A – Please tell us who the partners are, their roles, along with an estimate of the total mission costs. For more tentative concepts, please lay out the status i.e., is the concept in competition with other missions? Has it been selected? Has it been funded? Where are you in the selection process? What are the dependencies? Letters of support as evidence of engagement will be an advantage but are not essential for early-stage mission concepts.

Q13 – In category B, do international partners have to be space agencies or are accredited international institutions are also eligible (e.g., non-UK universities)? How far should we go in the description of the full proposal (specially the other partner part), if, as in my case, it is a mission where we should provide an instrument. I am thinking in how much they would like to share openly at this point.

A – UKRI rules apply. Universities and research bodies (e.g., like RAL Space) are eligible and would normally engage via their national space agencies. Industry would not normally be a partner directly, but may appear as subcontractors to agencies, rather than direct consortium partners. UKSA is open to discussion on whether industrial partners can be included. In the proposal need sufficient information to be able to assess the quality of the science. We expect less detail on technical issues. We need to know where the mission is in the selection process. See answer to Q17 regarding confidentiality.

Q14 – In category B, are there any restrictions on applicants having permanent positions at their institute – are ECRs able to be lead applicants? If the PI of the grant is an ECR, then their personal (non-permanent) position should outlive the end of their requested grant?

A – Regarding ECRs, they can lead, and do not need to have a permanent position. We would however need to have funding/support confirmed by their institute, for example in a letter of support. It is not likely we would terminate or withdraw from a Space Agency agreement once the PI has been funded.

Q15 – Are UK based companies eligible to be partner/collaborator under category A? If so, are they eligible to receive funding and will state aid/subsidy control rules apply?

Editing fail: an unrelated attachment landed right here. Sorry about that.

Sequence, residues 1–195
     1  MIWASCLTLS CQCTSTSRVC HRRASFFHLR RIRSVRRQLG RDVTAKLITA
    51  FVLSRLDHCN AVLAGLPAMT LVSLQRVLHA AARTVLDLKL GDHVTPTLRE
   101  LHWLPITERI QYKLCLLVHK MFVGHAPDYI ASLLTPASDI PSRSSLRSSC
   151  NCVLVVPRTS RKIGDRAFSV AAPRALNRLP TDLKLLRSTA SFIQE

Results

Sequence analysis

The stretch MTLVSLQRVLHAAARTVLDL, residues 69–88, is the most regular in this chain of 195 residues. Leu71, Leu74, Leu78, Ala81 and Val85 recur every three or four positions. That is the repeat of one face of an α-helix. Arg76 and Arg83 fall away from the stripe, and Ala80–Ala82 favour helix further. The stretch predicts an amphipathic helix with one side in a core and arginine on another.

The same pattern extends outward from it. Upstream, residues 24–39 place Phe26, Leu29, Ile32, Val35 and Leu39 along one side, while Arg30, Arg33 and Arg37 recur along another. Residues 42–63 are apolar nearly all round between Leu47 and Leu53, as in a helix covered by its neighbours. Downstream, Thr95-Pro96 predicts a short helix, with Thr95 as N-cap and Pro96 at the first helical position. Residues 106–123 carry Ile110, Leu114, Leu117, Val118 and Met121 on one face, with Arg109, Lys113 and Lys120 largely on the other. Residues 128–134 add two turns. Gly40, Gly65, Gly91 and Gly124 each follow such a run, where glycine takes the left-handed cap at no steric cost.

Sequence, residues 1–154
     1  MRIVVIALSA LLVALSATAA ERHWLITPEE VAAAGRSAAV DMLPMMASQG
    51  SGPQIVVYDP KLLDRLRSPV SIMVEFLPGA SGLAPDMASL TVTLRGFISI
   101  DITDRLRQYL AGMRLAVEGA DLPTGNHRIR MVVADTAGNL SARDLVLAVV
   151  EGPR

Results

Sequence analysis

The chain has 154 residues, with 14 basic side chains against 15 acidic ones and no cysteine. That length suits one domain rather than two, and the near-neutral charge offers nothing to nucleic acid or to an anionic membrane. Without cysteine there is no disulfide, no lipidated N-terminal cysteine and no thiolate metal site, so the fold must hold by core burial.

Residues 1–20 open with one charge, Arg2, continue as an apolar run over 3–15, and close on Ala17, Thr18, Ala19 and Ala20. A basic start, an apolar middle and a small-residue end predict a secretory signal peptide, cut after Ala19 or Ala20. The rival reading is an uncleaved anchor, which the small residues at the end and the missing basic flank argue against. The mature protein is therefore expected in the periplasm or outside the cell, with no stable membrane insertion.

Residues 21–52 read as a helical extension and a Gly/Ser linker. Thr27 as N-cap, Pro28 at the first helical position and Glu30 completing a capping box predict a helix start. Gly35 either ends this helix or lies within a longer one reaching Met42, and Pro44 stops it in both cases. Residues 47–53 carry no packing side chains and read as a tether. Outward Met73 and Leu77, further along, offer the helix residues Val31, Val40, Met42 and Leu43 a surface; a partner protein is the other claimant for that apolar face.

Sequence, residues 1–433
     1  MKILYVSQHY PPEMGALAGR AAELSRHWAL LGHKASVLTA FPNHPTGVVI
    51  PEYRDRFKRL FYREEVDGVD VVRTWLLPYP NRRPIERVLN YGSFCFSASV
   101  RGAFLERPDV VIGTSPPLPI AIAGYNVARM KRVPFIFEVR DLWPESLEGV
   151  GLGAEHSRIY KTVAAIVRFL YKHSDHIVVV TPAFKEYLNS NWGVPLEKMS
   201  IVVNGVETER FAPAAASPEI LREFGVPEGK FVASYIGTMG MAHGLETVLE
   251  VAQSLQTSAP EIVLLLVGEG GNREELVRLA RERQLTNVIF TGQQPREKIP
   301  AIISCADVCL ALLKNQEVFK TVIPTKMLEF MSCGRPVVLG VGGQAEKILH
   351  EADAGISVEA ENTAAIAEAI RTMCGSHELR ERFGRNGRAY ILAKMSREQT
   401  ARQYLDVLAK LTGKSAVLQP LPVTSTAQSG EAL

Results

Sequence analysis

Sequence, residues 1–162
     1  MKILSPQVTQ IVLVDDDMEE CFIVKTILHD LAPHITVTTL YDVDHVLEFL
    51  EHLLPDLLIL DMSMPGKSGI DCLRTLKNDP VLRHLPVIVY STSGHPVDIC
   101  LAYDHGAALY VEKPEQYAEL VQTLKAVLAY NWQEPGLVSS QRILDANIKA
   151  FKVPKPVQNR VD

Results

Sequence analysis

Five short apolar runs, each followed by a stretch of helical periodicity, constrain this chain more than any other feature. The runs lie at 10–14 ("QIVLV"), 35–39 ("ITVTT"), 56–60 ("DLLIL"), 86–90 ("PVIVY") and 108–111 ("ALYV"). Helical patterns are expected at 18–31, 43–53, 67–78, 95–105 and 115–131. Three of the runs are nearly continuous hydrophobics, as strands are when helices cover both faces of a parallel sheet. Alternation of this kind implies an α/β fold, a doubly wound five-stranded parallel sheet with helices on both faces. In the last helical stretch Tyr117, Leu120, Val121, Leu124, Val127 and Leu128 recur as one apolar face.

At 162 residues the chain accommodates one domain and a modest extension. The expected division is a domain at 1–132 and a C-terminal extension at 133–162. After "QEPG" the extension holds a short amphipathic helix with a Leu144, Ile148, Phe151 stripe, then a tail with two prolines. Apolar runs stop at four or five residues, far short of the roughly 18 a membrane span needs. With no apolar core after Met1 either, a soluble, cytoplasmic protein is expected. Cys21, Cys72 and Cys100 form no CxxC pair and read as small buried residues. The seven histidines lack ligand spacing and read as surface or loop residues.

A – Only institutes eligible to receive UKRI grants can normally be funded directly. However, industry can participate if subcontracted to a grant holder. State subsidy rules would not apply here, as the relationship would then be a commercial one between the HEI and the company. However, if there was a great benefit in having a company as a full partner, then they would need to be contributing something to the cost depending on company size and role. This would need to be discussed with the Agency.

Q16 – Cat A: do you need a Je-S on Oct 31 or is the submission process via email of the pdf document?

A – Je-S forms are only needed once you have been notified that your proposal has been successful, and an award has been made. The Je-S is simply a mechanism to request the funding.

Q17 – I assume you can confirm that the assessment process is confidential? So that we can assure our partners that we can provide information in our proposal that the assessors will not distribute further?

A – Our process mirrors the confidentiality arrangements for review of academic grant proposals. The proposals will be seen by the CEOI proposal administrators, the UKSA SS & SE teams, and the members of the review panel only (who will have signed confidentiality and conflict of interest declarations). Please highlight anything that you are concerned about sharing in the proposal and we can speak to you before sharing with reviewers.

Q18 – Can we assume that future calls will still have the same structure, i.e., that the category B bids this time could well be the category A responses of the future? Do you anticipate the next call to be at the same time in 2023?

A – Yes, the Category B proposals are preparing the ground for future Category A proposals. Once the Category B work is complete, the Agency would look to moving to Category A SOIs as soon as funding is available, i.e., hopefully earlier in the year than the current call.

Q19 – Category A: Given all these missions have long timescales, and we must present full mission cost now, is there a preference for how we present different future funding scenarios (e.g., depending on negotiations with partners)?

A – Please describe your preferred route and describe other likely scenarios as risks/mitigations.

Q20 – Are UK and overseas-based start-up companies eligible to be partner/collaborator under category A? If so, are they eligible to receive funding and will state aid/subsidy control rules apply?